It was wonderful to see Dawn, and I recognized her right away. I swear she hasn't changed a bit except for losing her accent. She claims it can come back in an instant when her sister visits. Paul sat patiently as we commiserated about the usual aches and pains of growing old, losing memory and mobility, and the few odd (in her case) or many (in mine) pounds that have stuck to our bones.
I had warned Paul that she might tell a story. It's one she and I have discussed several times over the last few months. I know she tells it to express her gratitude for a kindness received when she needed it, but I'm usually left with this squirmy feeling that I should have done more. It was in the 7th grade, and I'm not sure why but for some reason Dawn started coming to school without a lunch. Somehow or another I noticed it, and started sharing the odd piece of the lunch my mom would pack for me. Dawn remembers how on Friday I got to buy my lunch, and I would share a slice of bread from my lunch plate.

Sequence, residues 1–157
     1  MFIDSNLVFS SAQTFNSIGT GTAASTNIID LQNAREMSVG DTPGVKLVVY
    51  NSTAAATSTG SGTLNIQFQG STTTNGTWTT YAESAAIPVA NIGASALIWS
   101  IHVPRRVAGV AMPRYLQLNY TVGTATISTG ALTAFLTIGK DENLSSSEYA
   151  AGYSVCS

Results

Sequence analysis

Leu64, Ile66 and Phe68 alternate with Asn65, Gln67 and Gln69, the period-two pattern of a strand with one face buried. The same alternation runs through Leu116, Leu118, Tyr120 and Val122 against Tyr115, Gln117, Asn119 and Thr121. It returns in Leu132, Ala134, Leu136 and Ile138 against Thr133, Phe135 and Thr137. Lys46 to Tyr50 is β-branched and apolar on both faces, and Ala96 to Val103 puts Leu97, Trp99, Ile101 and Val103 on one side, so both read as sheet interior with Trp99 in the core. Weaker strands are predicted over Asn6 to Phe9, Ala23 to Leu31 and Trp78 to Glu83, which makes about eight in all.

Dawn did tell Paul the story, and as she was showering me with compliments all I could think was I wish I did more. I wish I was more aware of her situation, and I wish I had shared more. I wish I had invited her over to my house for dinner or to spend the night, and I wish I had made more of an effort to stay in touch.
It was wonderful to see her today, see her smile, and hear her laugh. I'm glad she's happy. And this time I'll stay in touch.